Since no single solution offers absolute protection, a multi-touch security strategy helps fill gaps and limitations associated with any individual tool, the likes of which are often prime points of exploitation by adversaries.
The Endpoint Protection Buyers Guide
Learn how to identify the critical features and capabilities organizations should look for when evaluating NGAV, EDR, and other elements within the cybersecurity toolset. View our in-depth assessment, which outlines required features, evaluation criteria and questions to ask when selecting a cybersecurity tool or partner.Download Now
How to Evaluate NGAV and EDR Solutions
The cybersecurity vendor landscape has become increasingly crowded in recent years, making it difficult for organizations to select a suitable tool for their unique needs.
Here we explore some of the most important criteria that businesses should look for when evaluating and selecting endpoint protection tools, such as NGAV and EDR:
Integration: One of the most important factors to consider when selecting a NGAV or EDR solution is how well it will integrate within the broader cybersecurity architecture without adding complexity or requiring any on-premises management infrastructure. Key considerations include:
- Integration with threat intelligence to enable the immediate assessment of the origins, impact, and severity of threats in the environment and provide guidance on how to best respond and remediate threats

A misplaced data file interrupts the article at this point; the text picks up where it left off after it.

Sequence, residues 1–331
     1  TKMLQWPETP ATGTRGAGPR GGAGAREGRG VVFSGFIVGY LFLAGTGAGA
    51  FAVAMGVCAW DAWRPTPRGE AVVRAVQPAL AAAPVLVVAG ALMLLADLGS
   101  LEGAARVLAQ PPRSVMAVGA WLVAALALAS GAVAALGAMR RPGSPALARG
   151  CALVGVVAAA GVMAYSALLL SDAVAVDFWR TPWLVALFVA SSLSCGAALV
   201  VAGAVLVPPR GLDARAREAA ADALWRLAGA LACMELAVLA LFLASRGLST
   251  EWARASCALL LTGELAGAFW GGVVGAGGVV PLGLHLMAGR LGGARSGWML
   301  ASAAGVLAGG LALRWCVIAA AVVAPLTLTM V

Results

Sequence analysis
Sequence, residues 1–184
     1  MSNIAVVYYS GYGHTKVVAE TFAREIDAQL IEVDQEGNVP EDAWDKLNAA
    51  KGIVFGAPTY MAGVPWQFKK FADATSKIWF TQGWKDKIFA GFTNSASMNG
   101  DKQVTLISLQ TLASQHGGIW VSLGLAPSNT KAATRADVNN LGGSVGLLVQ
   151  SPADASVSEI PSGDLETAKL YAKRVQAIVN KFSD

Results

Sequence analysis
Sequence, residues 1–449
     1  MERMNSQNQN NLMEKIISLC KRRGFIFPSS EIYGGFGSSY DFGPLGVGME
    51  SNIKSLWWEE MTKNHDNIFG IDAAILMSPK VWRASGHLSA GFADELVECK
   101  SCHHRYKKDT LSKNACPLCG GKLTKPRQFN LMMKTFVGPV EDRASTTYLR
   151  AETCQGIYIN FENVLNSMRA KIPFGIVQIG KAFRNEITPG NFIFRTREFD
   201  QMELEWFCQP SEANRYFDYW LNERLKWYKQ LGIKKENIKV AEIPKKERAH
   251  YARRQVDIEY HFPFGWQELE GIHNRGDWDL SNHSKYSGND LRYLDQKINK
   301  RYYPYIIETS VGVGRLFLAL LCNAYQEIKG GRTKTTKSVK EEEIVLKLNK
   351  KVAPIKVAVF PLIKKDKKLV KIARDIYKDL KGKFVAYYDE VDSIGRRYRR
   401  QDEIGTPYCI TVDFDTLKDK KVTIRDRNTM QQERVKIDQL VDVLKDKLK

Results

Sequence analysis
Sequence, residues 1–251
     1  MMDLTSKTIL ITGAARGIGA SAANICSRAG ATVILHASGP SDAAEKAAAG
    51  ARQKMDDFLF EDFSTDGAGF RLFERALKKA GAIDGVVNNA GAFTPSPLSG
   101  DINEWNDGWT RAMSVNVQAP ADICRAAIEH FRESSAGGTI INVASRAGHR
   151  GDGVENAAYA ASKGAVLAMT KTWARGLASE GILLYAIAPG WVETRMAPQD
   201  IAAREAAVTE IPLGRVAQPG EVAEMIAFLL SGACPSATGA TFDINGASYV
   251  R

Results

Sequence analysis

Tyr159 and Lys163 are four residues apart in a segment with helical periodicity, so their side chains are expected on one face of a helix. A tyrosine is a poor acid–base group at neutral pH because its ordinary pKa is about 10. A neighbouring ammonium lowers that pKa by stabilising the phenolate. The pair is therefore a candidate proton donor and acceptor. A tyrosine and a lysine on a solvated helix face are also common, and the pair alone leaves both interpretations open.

- Availability of extensive application program interfaces (APIs) to connect various applications and ensure timely and efficient data sharing
- Integration with adjacent technologies, such as device control, firewalls, threat hunting and other security tools and solutions
Cloud-based solution: The only way to ensure zero impact on endpoints, while enabling real-time search, analysis and investigation, is by leveraging cloud technology. Cloud-native EDR and NGAV offers organizations faster deployment time, better endpoint performance and greater ease of operation for the IT team.
Advanced technologies: Both EDR and NGAV solutions should make use of innovative technologies, such as AI/ML, behavior protection and exploit mitigation to prevent the rapidly changing TTPs used by adversaries to breach organizations, including commodity malware, zero-day malware and even advanced malware-free attacks. For NGAV, relying solely on signature-based methods or indicators of compromise (IOCs) can lead to the “silent failure” that allows data breaches to occur. On the other hand, effective endpoint detection and incident response requires behavioral approaches that search for indicators of attack (IOAs), so the business is alerted to suspicious activities before a compromise can occur.
Online and offline prevention: Endpoints need to be protected whether they are offline or online. Solutions that support data processing and decision-making on the endpoint enables highly accurate detection and prevention and keeps the endpoint protected everywhere whether it is in use or not.
Immediate time-to-value: In today’s cybersecurity landscape, time matters. EDR and NGAV solutions that can be deployed and operational in hours, with no additional hardware or software and no tuning or configuration greatly enhance the organization’s security posture.